Legal Aid Challenge Success, Assisted Suicide and the Future of UK Human Rights – the Human Rights Roundup

Grayling HRRWelcome back to the UK Human Rights Roundup, your regular party gathering of human rights news and views. The full list of links can be found here. You can find previous roundups here. Links compiled by Adam Wagner, post by Celia Rooney.

This week, the Conservative Party will unveil its plans for human rights reform in the UK. In other news, Chris Grayling’s decision to drastically reduce the number of legal aid contacts granted is successfully challenged, while a prosecution for assisted suicide keeps the assisted dying debate alive.

Tories Unveil Plans for Human Rights Reform Continue reading

No, The Sun, “Euro judges” do not “go against UK in 3 out of 5 cases”. More like 1 in 100.

SUN WRONG AGAIN AGAINAt the risk of sounding like a broken record, The Sun has got it badly wrong on human rights. Again. On 24 August 2014 Craig Woodhouse reported that “Euro judges go against UK in 3 out of 5 cases(£). This is false and seriously misleading.

I explored this issue in detail back in 2012 when the Daily Mail as well as others claimed that the UK loses 3 out of 4 cases. Since that debacle, the European Court of Human Rights has produced some very clear documents on the statistics page of its website.

According to page 8 of this document, there have been 22,065 applications against UK 1959-2013. That means that 22,065 people or so have brought cases against the UK. Of those cases, there have been 297 resulting in a violation.

I am no statistician but 297 as a percentage of 22,065 is not “3 out of 5″. It is in fact 1.35%. Less than 2 in 100.

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Minimum income rules for immigrants do not breach human rights – Appeal Court

money_1945490cMM(Lebanon) and Others, R (on the application of ) v Secretary of State for the Home Department & Anor [2014] EWCA Civ 985 (11 July 2014) – read judgment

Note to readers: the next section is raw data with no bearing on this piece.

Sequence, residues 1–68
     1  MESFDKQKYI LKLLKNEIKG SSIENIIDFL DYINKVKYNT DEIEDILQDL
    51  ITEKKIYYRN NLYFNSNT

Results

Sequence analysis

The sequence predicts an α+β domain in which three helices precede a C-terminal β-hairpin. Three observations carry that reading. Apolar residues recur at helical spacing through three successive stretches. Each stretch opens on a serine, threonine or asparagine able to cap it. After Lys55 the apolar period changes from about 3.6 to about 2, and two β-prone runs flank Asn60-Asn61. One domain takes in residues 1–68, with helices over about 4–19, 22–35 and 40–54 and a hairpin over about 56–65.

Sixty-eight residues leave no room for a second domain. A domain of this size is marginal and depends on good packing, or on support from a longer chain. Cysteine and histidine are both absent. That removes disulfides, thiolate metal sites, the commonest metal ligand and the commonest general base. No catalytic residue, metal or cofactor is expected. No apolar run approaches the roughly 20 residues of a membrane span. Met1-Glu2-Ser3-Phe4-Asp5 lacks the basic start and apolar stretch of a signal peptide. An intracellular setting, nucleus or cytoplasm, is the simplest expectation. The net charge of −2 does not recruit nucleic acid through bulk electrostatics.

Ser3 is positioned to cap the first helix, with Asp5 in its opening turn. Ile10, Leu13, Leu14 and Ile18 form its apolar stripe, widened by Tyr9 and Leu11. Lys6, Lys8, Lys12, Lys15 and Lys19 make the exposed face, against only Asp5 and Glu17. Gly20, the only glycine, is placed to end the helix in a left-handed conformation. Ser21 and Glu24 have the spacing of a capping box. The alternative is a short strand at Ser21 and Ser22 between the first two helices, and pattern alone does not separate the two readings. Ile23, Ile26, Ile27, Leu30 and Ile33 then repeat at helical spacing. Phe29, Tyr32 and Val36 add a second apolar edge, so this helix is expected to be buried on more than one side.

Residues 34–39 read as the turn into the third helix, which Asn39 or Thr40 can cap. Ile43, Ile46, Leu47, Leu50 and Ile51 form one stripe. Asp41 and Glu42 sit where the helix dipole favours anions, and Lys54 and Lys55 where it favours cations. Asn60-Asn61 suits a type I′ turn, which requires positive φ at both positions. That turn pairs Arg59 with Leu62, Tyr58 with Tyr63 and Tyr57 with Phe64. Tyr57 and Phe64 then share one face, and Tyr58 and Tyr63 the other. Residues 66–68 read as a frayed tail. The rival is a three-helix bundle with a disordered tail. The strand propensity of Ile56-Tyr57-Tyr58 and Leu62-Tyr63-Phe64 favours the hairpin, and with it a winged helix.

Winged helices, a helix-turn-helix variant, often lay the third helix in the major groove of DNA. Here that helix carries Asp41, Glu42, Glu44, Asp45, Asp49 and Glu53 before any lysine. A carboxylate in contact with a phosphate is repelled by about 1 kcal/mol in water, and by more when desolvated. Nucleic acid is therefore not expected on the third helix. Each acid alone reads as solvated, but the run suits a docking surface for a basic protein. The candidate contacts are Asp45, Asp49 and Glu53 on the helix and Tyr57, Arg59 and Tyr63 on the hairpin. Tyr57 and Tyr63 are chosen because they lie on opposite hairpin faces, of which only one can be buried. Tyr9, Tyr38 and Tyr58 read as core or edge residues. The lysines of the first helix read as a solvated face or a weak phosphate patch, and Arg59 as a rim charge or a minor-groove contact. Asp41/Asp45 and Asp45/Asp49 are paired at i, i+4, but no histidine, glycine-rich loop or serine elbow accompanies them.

Neil Sheldon of 1 Crown Office Row acted for the appellant Secretary of State in this case. He has not had anything to do with the writing of this post.

Provisions in the Immigration Rules which impose income requirements on individuals living in the United Kingdom, who wish to bring their non-European Economic Area citizen spouses to live with them, are not a disproportionate interference with their right to family life under Article 8 of the European Convention on Human Rights. The Court of Appeal has also underlined the important (but often misunderstood) point that there is no legal requirement that the Immigration Rules should provide that the best interests of the child should be determinative. Section 55 of the Borders, Citizenship and Immigration Act 2009 is not a “trump card” to be played whenever the interests of a child arise.  Continue reading

The Tory human rights “car crash”

Car crash human rights

Imagine you are on the board of large corporation. You attend the Annual General Meeting and asked the chief executive about that controversial tax avoidance scheme the company had been considering, but which the in-house legal team had advised against. The Chief Exec smiles and says that has been dealt with: “we just sacked the lawyers”. 

The BBC is reporting what many suspected. Attorney General Dominic Grieve QC was sacked in order to clear the path for major reform of the relationship between the UK and the European Court of Human Rights. This is bad news, for the UK and potentially for the European Court of Human Rights too.

The Attorney General’s advice, which has been leaked to the BBC, was that plan to limit the power of the European Court of Human Rights were “incoherent” and a “legal car crash… with a built-in time delay“. Intriguingly, the BBC’s Nick Robinson also reports that William Hague, the now-former Foreign Secretary, also raised doubts over the plans.

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State immunity does not avail Saudi Prince